The early diagnosis of ocular cysticercosis is aided by clinical suspicion and B-scan ultrasonography or computed tomography (CT) of the orbit; such investigations also help to visualize the resolution of the cyst following treatment., In some cases, an enzyme-linked immunosorbent assay (ELISA) may also be used to detect anticysticercus antibodies. In general, treatment is conservative in the form of high doses of systemic oral steroids and anti-worm medication (i.e., albendazole)., The aim of this study was to describe the clinical presentation and treatment outcomes of cases of ocular cysticercosis seen at a teaching hospital in Northern India.
| Materials and Methods|| |
This hospital-based descriptive case series took place between March 2014 and April 2019 at the Regional Institute of Ophthalmology, Banaras Hindu University, Varanasi, Uttar Pradesh, India. A total of 36 consecutive patients diagnosed with ocular cysticercosis were followed up prospectively. Cases treated elsewhere and those who were lost to follow-up were excluded from the study.
All patients were evaluated in an oculoplasty unit and underwent detailed history-taking, including for systemic illnesses, followed by a thorough physical and ocular examination. The latter included visual acuity tests and slit-lamp biomicroscopy, as well as a fundus examination of both eyes. Where appropriate, ancillary tests were also performed to determine the presence of diplopia and proptosis as well as ultrasonography A and B scans. Radiological investigations including CT scans and magnetic resonance imaging (MRI) of the brain and orbit were ordered to determine the extent and location of larvae infestation. Patients also underwent routine laboratory investigations, including a complete blood count, eosinophil count, and a stool examination to check for the presence of ova and larvae.
A diagnosis of cysticercosis was supported by CT findings and positive serum cysticercosis antibodies via ELISA. In terms of treatment, all patients were initially prescribed albendazole tablets at a dose of 15 mg/kg daily and oral steroids at a dose of 1.5 mg/kg daily for 1 month. Subsequently, the systemic steroids were tapered gradually over the following 4 weeks. Patients who did not respond to medical treatment underwent surgical excision.
Data concerning the patients' demographic characteristics, presenting symptoms and signs, cyst locations, and treatment outcomes were analyzed. Statistical analysis was performed using the Statistical Package for the Social Sciences (SPSS), version 19.0 (IBM Corp., Armonk, New York, USA). Ethical approval for this study was obtained from the institutional ethical committee of Banaras Hindu University. All of the study procedures were performed in accordance with the revised Declaration of Helsinki. All patients provided written informed consent before being included in the study.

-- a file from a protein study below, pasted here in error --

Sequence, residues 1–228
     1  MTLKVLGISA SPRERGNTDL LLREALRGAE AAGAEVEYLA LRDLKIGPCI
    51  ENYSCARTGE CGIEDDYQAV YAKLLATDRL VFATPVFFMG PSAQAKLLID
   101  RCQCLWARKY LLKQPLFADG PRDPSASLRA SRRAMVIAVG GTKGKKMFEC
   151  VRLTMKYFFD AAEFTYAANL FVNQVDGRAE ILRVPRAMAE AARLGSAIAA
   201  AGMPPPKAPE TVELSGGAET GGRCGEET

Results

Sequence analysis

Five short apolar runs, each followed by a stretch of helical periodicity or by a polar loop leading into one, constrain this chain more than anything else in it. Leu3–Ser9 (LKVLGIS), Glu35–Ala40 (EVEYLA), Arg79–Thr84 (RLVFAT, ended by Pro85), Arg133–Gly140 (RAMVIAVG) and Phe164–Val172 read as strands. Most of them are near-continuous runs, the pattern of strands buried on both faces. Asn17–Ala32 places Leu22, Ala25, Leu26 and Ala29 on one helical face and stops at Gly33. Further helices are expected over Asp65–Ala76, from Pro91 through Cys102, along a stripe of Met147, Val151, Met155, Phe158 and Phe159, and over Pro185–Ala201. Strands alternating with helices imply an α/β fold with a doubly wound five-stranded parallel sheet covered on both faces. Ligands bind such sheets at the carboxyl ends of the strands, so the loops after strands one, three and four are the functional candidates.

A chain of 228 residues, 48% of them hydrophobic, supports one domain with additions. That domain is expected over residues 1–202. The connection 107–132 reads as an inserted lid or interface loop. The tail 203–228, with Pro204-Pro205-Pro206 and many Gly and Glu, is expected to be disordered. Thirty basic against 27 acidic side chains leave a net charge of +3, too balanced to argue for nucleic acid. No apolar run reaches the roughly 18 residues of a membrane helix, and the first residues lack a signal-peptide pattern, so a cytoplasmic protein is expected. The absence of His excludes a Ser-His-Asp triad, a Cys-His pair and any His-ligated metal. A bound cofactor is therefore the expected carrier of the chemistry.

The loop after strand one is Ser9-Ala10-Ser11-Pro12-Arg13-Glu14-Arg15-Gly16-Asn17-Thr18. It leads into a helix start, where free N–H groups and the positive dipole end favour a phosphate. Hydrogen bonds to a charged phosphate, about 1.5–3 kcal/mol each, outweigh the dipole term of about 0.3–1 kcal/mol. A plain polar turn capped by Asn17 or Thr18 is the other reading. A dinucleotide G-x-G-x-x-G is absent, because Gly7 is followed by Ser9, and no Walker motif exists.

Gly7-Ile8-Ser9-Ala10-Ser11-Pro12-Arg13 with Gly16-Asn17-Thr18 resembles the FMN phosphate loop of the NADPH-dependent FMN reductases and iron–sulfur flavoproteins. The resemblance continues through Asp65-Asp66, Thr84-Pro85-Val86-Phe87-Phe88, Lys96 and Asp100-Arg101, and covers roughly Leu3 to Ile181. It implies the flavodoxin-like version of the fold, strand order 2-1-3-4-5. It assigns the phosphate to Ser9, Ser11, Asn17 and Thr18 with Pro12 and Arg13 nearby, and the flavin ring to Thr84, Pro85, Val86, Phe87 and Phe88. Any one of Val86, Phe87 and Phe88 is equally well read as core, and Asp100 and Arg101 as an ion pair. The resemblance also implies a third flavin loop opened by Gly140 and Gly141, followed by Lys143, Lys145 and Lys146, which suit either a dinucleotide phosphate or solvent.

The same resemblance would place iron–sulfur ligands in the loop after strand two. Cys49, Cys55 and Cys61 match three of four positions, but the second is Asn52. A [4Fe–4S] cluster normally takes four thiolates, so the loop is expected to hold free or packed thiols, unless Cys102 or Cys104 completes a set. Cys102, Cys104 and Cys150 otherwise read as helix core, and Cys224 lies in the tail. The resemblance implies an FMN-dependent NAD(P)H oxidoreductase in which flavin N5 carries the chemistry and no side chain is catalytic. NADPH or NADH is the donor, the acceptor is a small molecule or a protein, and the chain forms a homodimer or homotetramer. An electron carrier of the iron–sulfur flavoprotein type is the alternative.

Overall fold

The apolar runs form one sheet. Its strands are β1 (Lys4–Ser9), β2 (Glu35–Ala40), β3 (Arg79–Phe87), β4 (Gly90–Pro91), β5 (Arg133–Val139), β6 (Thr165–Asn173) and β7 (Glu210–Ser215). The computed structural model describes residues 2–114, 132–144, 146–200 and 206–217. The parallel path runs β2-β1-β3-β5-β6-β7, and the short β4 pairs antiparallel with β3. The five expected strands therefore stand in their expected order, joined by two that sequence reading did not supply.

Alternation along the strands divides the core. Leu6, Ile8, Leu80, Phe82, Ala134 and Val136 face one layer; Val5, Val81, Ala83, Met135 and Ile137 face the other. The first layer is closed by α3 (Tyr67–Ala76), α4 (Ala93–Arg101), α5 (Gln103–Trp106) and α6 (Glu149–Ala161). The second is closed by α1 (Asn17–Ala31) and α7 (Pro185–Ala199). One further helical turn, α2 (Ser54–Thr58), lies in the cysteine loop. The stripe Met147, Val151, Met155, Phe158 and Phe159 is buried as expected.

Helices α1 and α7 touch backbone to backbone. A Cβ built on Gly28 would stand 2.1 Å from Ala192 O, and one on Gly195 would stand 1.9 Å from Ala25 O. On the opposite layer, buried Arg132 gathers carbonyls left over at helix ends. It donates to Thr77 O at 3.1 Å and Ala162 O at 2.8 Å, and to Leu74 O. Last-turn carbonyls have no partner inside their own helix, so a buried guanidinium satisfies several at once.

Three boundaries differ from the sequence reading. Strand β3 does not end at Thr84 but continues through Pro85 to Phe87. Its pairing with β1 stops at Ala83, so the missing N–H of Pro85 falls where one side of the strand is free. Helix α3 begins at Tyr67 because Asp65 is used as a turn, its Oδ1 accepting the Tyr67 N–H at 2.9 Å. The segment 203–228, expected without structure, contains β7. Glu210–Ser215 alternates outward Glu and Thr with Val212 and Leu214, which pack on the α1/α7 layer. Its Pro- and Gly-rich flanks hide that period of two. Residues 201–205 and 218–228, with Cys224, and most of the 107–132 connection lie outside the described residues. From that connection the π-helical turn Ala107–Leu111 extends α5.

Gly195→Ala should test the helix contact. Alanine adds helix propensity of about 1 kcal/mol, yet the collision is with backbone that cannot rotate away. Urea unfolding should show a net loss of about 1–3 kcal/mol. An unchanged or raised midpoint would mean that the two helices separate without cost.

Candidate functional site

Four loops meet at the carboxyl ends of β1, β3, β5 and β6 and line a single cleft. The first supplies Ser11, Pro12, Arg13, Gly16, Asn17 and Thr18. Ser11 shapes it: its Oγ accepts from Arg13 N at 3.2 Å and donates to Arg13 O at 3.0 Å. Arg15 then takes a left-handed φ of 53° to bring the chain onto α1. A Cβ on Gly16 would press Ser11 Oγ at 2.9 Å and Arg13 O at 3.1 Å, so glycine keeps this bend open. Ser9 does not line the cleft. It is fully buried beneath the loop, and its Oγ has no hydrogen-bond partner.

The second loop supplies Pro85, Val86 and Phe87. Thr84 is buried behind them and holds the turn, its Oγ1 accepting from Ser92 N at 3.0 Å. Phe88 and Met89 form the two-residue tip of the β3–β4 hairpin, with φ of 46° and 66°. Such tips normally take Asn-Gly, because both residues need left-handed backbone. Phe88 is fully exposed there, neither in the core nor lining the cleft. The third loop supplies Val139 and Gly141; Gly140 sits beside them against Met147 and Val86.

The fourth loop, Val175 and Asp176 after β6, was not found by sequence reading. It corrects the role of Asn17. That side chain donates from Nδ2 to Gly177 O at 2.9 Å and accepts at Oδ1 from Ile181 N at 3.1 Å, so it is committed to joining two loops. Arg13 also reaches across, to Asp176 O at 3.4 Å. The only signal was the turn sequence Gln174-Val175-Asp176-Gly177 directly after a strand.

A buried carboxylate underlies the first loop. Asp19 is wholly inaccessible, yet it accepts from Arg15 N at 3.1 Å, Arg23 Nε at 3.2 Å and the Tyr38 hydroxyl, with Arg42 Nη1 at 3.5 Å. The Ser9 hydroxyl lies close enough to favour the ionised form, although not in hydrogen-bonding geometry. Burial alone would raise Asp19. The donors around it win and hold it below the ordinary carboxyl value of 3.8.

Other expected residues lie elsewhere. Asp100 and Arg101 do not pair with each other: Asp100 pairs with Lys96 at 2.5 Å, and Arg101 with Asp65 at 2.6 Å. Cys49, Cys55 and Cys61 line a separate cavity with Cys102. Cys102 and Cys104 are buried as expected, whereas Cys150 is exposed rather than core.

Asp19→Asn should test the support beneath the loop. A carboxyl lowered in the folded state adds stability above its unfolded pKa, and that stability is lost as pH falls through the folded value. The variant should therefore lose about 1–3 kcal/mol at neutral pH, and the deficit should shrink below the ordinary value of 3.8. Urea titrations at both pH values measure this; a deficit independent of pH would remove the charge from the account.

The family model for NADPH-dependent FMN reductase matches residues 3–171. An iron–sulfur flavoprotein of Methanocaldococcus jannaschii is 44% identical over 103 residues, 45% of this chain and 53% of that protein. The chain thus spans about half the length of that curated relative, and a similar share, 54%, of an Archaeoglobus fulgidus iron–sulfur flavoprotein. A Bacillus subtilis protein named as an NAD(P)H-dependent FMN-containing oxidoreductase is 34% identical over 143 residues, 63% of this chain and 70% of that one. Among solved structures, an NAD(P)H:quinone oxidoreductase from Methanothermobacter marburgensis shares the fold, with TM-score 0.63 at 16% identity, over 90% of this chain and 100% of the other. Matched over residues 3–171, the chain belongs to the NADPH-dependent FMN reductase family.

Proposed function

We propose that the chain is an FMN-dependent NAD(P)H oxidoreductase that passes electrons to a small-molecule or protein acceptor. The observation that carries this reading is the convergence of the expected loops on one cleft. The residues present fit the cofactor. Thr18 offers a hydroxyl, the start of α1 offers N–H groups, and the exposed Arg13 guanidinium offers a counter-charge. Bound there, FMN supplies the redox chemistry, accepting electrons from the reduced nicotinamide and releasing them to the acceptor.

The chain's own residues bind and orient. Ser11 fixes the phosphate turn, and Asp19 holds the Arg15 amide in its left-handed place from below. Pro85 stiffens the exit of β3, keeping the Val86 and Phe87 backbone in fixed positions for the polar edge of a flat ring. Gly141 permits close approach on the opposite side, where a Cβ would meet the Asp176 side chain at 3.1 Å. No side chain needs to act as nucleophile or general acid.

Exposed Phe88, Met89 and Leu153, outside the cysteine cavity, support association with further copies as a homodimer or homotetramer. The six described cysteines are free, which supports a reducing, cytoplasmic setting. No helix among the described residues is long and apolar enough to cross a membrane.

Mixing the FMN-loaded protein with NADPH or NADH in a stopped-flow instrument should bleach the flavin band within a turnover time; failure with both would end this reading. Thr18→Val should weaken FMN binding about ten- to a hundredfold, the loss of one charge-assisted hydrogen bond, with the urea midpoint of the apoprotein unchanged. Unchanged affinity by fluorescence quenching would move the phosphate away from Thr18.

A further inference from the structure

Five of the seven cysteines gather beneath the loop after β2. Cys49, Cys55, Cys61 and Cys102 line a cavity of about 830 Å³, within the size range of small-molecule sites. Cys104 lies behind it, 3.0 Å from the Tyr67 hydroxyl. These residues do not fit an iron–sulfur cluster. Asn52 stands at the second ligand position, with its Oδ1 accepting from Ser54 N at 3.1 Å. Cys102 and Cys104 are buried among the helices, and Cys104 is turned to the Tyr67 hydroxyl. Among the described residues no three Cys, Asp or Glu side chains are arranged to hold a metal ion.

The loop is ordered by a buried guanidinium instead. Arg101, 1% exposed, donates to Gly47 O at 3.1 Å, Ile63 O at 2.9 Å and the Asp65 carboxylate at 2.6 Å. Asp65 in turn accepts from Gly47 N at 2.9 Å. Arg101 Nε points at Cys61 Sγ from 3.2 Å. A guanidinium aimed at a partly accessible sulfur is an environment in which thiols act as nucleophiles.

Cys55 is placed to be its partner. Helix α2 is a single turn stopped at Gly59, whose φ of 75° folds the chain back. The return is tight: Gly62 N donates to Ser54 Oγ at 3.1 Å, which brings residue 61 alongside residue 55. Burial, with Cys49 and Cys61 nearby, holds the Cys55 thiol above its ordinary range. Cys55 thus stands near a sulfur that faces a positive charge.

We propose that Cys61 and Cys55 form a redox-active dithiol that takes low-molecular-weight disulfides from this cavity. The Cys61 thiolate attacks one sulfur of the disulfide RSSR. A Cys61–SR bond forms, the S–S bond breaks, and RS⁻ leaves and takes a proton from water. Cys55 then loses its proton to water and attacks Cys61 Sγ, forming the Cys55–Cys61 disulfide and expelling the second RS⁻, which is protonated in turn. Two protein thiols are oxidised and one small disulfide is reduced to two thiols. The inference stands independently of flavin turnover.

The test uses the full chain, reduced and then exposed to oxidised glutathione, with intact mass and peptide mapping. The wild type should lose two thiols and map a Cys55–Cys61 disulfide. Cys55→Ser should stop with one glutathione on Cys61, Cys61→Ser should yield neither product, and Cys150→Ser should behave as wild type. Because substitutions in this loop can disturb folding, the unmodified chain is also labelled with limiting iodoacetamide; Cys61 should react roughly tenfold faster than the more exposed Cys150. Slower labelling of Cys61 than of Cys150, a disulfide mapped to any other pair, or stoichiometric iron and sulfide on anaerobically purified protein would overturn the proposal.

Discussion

| Results|| |
Of the 36 patients with ocular cysticercosis, 13 (36.11%) were male and 23 (63.89%) were female, with a male-to-female ratio of 1:1.8. Patients ranged in age from 7 to 58 years, with the most frequent age group being 10–29 years (n = 22; 61.11%). The mean duration of symptoms was 5.40 months. All patients were affected unilaterally, with the left eye involved in 22 cases (61.11%) and the right eye in 14 (38.89%) [Table 1].
|Table 1: Demographic and clinical characteristics of cases of ocular cysticercosis seen at a teaching hospital in northern India (n=36)|
Click here to view
The majority of ocular cysticercosis cases were isolated (n = 31; 86.11%); however, five cases (13.89%) demonstrated simultaneous involvement of the brain. The location of the ocular cysts were orbital in 15 cases (41.67%) [Figure 1] and [Figure 2], subconjunctival in 13 (36.11%) [Figure 3] and [Figure 4], intraocular in four (11.1%), and on the eyelid in four (11.11%). The most common clinical presentation was a subconjunctival mass (n = 13; 36.11%) and proptosis (n = 13; 36.11%), followed by periorbital swelling (n = 12; 33.33%), diminished visual acuity (n = 6; 16.67%), and diplopia (n = 4; 11.11%) [Table 1].
|Figure 1: (a) Photograph showing diffuse right infraorbital swelling and hyperglobus. (b) Axial computed tomography showing a well-encapsulated, nonenhancing cystic lesion with a hyperdense scolex in the right orbit. (c and d) Posttreatment photograph and axial computed tomography showing complete resolution|
Click here to view
|Figure 2: (a) Photograph showing diffuse left superomedial orbital swelling and nonaxial proptosis. (b) magnetic resonance imaging showing a well-defined ring-enhancing cystic lesion in the extraconal compartment of the superomedial left orbit with inflammatory changes involving the adjacent orbital fat. (c and d) Photographs showing transcutaneous excision of the cyst and the excised cyst wall alongside the pearly-white gelatinous scolex|
Click here to view
|Figure 3: (a and b) Photographs showing a right subconjunctival cyst. (c) Coronal computed tomography showing an eccentric, hyperdense, nodular scolex involving the lateral rectus muscle. (d and e) Photographs showing excision of the cyst and the excised cyst wall alongside the pearly-white gelatinous scolex. (f) Photomicrograph showing the cyst wall and larval branching body cavity and protoscolex|